With respect to the Necessity of any additional Instructions upon which We are directed to give Our Opinion, We beg leave humbly to represent to your Majesty, that Your Subjects employed in the Fishery at Newfoundland, having of late engaged more extensively in the Fishery on the North eastern Part of Newfoundland, upon which Coast the French have also a Right, by the Treaty of Utrecht, to catch and dry Fish during the Season, under certain Restrictions; The great and extensive Whale Fishery in the Streights of Belleisle, with the other Branches of the Salmon & Seal Fishery, attending the Coast from the Mouth of those Streights to the River St. Lawrence, and the Fishery of the River St. Lawrence itself, of Gaspee, of Cançeaux, the Madelain Islands, St. Johns & Cape Breton being now annexed to His Majesty's Dominions by the Definitive Treaty; The general Fishery of Newfoundland, and the Gulf and the Coasts with it is become a Matter of infinite Extent, and of the utmost Importance; at the same time, that the preventing the French from partaking of the Benefit of these Fisheries (they being permitted to come within three Leagues of the Coasts & Islands within the Gulph,) seems to us to make some Additional Measure and Additional Instructions in the Execution of the Definitive Treaty, referred to us, absolutely necessary for the securing the exclusive Possession of these valuable Fisheries to Your Majesty's Subjects.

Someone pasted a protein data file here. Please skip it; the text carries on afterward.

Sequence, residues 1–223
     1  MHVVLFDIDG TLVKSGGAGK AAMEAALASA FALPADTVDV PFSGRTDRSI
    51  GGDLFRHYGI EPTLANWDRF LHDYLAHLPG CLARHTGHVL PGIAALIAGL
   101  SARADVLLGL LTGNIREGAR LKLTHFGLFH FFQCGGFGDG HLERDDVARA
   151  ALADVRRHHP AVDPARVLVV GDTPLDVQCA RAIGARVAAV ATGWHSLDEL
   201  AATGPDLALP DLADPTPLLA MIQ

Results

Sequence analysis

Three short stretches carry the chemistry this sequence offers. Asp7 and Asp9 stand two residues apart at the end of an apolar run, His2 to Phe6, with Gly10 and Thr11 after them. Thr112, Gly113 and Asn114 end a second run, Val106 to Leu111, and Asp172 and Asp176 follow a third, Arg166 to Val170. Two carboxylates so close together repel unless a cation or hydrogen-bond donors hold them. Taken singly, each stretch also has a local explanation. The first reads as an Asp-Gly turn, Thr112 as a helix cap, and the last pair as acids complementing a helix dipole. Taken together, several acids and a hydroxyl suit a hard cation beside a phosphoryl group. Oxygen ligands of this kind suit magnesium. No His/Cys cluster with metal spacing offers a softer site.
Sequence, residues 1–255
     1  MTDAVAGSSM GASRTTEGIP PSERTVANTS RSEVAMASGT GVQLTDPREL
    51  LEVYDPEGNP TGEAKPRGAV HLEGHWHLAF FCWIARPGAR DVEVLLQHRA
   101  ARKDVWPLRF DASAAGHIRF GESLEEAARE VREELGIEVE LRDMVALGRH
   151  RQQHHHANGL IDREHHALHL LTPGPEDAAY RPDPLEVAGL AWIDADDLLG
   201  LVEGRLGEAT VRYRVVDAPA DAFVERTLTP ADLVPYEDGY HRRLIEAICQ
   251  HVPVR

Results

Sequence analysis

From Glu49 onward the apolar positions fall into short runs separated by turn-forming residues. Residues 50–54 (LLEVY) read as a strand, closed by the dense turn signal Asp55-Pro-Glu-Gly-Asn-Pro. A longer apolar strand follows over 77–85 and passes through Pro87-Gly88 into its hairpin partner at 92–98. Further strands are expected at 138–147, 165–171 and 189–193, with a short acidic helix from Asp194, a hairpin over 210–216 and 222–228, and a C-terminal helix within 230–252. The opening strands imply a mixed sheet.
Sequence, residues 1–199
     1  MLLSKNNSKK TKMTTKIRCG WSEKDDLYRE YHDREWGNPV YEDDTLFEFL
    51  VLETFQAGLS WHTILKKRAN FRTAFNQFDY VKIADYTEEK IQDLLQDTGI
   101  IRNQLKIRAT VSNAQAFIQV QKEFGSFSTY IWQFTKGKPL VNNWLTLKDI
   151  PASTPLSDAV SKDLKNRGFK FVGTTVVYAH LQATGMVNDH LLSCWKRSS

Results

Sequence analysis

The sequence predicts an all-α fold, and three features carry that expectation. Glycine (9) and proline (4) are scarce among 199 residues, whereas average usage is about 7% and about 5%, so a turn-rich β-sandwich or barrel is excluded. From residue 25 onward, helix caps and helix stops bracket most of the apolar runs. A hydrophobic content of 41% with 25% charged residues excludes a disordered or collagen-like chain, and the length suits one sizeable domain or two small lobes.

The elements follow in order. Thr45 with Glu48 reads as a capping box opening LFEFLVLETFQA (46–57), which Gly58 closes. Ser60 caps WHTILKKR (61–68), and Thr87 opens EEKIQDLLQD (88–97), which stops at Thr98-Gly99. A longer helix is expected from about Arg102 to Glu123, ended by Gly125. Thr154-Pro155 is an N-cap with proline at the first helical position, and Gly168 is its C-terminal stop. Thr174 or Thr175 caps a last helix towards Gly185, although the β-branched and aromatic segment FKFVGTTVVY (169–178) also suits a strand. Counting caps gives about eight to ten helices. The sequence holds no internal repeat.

As to the Concurrent Fishing on the Nº East Coast of Newfoundland, in case any of your Majestys Subjects should engage in it, much will depend upon the Temper, Judgement & Discretion of the Officer of the Navy, who shall be appointed to superintend that Fishery, and who certainly should be instructed to adhere to the due Sense & Execution of the 13th Article of the Treaty of Utrecht with Justice to the Subjects of both Crowns. Upon the Coast of Labrador, it will be impossible to prevent the French continuing to have the full Benefit of their former Commerce with the Indians of that Coast, unless some British Settlement should be made there, or sufficient Cruizers stationed with Instructions to the Commanders to seize all french Ships coming within a certain Distance of that Coast.